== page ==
Although giraffes do have a well-developed larynx and laryngeal nerves [20–22], it was long suggested that due to the long neck, giraffes might have problems to produce an air-flow of sufficient velocity to induce self-sustained vocal fold vibrations . Notwithstanding, giraffes are, in principle, capable of producing sounds . On YouTube there is a video of a newborn calf at a zoo emitting loud bellows while being restrained by keepers to examine its health state . Giraffes do not seem to use vocalizations regularly, but they have further been (anecdotally) described to, “bleat”, “brrr”, “burst”, “cough”, “growl”, “grunt”, “low” “moan”, “moo”, “sneeze”, “snore” or “snort” [23, 25–28]. The snort seems to be the most commonly heard vocalization and has been documented in varying contexts such as being alarmed, annoyed, or when approaching each other [10, 29]. Snorts and bursts are broad-band signals with no harmonic structure (and thus no measurable fundamental frequency); they seem to be produced by a sudden burst of air out of the nostrils . During 700 h of vocal recordings (by day) of giraffes in three zoological institutions, Hurgitsch  recorded 72 vocalizations, mostly snorts.
Apart from this, no acoustic descriptions have been provided for the different types of vocalizations listed above. This makes it impossible to assess whether these are different call types or whether the authors used different terms for similar sounds.
It has been suggested (again rather anecdotally) that giraffes do communicate using infrasonic vocalizations (the signals are verbally described to be similar—in structure and function—to the low-frequency, infrasonic “rumbles” of elephants) [27, 30]. It was further speculated that the extensive frontal sinus of giraffes  acts as a resonance chamber for infrasound production. Moreover, particular neck movements (e.g. the neck stretch) are suggested to be associated with the production of infrasonic vocalizations.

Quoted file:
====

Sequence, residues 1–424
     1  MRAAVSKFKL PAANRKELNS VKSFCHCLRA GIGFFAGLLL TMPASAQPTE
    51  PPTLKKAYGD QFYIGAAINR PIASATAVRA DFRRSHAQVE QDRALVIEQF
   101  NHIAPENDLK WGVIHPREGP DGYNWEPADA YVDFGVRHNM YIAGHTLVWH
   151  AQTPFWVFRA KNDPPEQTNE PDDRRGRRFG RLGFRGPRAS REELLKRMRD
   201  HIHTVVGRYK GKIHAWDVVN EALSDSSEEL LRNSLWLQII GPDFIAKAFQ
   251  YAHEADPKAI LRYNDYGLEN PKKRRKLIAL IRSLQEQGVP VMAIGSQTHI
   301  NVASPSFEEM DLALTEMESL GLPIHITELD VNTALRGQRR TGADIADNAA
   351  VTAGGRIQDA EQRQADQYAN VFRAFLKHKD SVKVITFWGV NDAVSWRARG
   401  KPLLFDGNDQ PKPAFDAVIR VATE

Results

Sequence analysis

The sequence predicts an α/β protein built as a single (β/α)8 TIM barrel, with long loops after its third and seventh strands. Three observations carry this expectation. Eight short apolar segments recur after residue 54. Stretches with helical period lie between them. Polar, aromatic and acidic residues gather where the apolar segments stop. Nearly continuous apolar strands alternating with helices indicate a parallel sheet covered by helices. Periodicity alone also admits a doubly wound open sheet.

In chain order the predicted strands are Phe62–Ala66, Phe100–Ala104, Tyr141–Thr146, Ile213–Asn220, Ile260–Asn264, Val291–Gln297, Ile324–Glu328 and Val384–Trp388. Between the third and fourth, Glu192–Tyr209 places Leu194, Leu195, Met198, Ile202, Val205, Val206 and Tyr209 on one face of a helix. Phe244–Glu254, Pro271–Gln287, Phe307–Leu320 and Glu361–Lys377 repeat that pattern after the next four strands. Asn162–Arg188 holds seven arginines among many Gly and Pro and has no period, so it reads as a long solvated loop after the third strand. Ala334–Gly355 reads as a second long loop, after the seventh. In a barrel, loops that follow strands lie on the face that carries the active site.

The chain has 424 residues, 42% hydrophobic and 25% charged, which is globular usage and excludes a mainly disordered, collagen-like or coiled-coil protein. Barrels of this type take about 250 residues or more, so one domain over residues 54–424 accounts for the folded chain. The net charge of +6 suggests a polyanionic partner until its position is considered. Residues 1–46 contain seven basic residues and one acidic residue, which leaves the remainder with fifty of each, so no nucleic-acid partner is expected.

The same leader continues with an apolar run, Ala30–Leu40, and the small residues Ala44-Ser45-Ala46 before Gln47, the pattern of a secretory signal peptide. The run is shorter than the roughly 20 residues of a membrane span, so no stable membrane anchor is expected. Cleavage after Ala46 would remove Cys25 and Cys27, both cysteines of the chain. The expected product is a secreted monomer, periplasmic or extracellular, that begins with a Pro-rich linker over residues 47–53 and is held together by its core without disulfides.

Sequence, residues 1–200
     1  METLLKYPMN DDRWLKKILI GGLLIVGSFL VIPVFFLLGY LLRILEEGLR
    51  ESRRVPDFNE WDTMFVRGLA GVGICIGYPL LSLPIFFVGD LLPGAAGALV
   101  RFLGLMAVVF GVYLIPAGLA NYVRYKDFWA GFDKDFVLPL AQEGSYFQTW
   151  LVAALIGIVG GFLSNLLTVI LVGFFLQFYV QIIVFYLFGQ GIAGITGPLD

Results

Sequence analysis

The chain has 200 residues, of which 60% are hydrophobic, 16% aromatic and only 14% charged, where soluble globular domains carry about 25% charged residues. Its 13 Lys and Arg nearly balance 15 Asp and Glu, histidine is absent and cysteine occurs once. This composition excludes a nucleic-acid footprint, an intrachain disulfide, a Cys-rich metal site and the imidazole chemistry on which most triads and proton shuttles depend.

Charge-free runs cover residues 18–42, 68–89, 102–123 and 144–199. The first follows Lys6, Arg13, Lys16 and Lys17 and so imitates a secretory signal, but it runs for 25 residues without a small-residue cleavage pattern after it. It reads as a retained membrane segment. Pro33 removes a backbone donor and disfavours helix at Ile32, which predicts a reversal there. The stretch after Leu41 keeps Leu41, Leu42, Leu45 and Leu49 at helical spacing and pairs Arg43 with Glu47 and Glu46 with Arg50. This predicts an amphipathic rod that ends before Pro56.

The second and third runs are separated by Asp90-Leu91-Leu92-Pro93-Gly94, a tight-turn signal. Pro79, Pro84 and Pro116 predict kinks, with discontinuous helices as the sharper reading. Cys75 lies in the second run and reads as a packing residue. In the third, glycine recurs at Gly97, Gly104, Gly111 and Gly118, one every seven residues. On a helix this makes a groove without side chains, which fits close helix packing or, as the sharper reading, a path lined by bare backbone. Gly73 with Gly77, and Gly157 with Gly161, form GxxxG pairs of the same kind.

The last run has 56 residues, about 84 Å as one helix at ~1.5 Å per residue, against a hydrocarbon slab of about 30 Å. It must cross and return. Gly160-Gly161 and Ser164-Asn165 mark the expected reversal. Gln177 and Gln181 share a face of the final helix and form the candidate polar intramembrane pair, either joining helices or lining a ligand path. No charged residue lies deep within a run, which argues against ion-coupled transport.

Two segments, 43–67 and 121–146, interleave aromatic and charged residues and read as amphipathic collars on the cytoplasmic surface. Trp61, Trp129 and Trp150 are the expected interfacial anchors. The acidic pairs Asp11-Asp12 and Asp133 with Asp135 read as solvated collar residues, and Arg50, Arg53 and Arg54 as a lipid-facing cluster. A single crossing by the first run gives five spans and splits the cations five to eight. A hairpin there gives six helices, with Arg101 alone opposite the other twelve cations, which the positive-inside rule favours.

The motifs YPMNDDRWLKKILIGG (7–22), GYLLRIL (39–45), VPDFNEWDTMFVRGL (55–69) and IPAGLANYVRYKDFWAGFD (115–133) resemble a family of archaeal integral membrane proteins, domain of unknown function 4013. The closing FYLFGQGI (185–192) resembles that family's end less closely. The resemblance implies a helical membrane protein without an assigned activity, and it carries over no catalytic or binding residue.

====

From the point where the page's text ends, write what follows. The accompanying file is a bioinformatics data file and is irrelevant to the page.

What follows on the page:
Despite these reports of giraffe sounds, there is no clear evidence that giraffes indeed use acoustic signals to communicate with each other . Acoustic communication describes the interchange of information between at least two individuals, where an acoustic signal (typically a vocalization) is being directly transmitted from a sender and perceived by a receiver, that alters the behaviour of the communicating animals [33, 34]. Although grunts and snorts are produced in agonistic interactions [28, for personal observation for a grunting adult female giraffe see Additional file 1], it is unclear what role the acoustic signals play compared to the visual, tactile and olfactory cues.
In general, Artiodactyla are highly vocal. Acoustic behaviour and vocalizations of several species have been intensively studied, showing that acoustic cues have a functional relevance in reproductive contexts. Examples include the saiga Saiga t. tatarica , the red deer Cervus elaphus  and the North American bison Bison bison . Acoustic signals are also important for mother–infant recognition, such as in the goat Capra hircus , cattle Bos taurus , sheep Ovis aries , eland antelope Taurotragus oryx, red deer Cervus elaphus, reindeer Rangifer tarandus, mule deer Odocoileus hemionus, white-tailed deer Odocoileus virginianus and the pronghorn Antilocapra americana . Hurgitsch , however, who recording during a birth at Vienna Zoo and later on recorded the mother–calf unit regularly (during daytime), did not document vocal communication between the giraffe mother and her offspring, which is highly uncommon for mammals.